Even after the warnings and new cases were announced Monday, the tourism bureau stuck to its statement that the affected area remains a relatively tiny portion of the entire county.
“Pregnant women are encouraged to visit all of Miami-Dade County — except one square mile. That’s what the UK says, that’s what the CDC says,” said William D. Talbert III, president and CEO of the tourism bureau.
Public Health England’s travel warning addresses Florida, but specifically advises pregnant women traveling to the “affected” area of the state, in Wynwood, to “consider postponing non-essential travel.”
“The risk in Florida is considered moderate based on the number and spread of cases and their demonstrated ability to implement effective control measures for similar diseases such as dengue — a virus transmitted by the same mosquito,” the travel warning said.
The CDC’s advisory is specifically directed at “people living in or traveling to Wynwood,” but addresses mainly pregnant women or women who wish to become pregnant.
While I encourage all residents and visitors to continue to drain standing water and wear bug spray, FL remains safe and open for business.— Rick Scott (@FLGovScott) August 1, 2016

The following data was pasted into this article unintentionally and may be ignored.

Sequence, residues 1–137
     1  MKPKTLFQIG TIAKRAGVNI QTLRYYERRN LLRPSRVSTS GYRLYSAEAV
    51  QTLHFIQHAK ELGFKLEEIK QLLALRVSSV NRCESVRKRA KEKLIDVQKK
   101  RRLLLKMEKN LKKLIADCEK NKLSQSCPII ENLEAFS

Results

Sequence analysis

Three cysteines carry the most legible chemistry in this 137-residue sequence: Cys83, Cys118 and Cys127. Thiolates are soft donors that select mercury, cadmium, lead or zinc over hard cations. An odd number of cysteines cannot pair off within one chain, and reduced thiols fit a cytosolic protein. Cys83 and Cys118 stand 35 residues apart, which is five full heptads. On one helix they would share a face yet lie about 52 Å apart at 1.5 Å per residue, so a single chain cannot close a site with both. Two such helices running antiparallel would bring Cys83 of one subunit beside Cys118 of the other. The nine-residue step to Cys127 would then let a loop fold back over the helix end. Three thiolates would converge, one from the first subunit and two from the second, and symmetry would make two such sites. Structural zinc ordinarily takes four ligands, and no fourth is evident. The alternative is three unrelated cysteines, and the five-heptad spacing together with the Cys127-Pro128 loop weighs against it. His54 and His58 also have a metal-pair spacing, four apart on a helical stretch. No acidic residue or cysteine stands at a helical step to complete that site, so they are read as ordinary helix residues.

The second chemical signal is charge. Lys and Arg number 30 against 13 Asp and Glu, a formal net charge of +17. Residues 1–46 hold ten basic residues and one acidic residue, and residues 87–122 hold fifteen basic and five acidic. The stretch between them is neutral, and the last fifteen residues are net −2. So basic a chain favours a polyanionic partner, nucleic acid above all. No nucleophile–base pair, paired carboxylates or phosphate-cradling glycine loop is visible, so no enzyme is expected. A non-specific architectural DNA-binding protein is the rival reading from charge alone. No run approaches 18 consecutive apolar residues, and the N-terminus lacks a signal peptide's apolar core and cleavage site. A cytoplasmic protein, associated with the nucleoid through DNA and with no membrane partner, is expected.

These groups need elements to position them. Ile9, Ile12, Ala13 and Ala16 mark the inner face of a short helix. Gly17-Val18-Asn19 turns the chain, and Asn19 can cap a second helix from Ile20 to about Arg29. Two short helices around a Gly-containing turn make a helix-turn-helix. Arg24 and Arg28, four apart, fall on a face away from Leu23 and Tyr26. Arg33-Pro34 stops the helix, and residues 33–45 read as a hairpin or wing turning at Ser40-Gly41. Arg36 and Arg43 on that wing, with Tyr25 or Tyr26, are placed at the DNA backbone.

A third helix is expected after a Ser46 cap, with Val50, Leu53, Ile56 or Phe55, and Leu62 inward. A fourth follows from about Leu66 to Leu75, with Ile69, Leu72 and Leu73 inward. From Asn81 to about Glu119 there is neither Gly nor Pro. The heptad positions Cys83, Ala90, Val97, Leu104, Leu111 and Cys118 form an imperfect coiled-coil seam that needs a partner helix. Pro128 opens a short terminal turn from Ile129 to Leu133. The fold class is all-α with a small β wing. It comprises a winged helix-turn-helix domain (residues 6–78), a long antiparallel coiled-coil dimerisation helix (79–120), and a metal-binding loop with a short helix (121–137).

So far, Miami’s tourism industry has been unaffected, according to Talbert, who said he was unaware of any group or individual cancellations due to Zika.
“This community has a long track record of dealing with these mosquitoes for years and years,” Talbert said. “[The situation] can change tomorrow, we know that, and we’ll stay engaged with everybody as this evolves.”
The Herald contacted various local hotels for comments on Zika, but all declined to comment.
Two weeks ago, a group of hoteliers and leaders from the tourism bureau and the Greater Miami and the Beaches Hotel Association held a meeting on Zika preparedness. No additional meetings have been scheduled, Talbert said.
The first locally transmitted cases of Zika were confirmed late last week. Monday, Gov. Rick Scott called for a federal emergency response team to help Florida combat the spread of the virus. County mosquito control officials said they have been actively spraying pesticides, checking drains and dumping standing water than can breed mosquitoes in Wynwood and across Miami-Dade.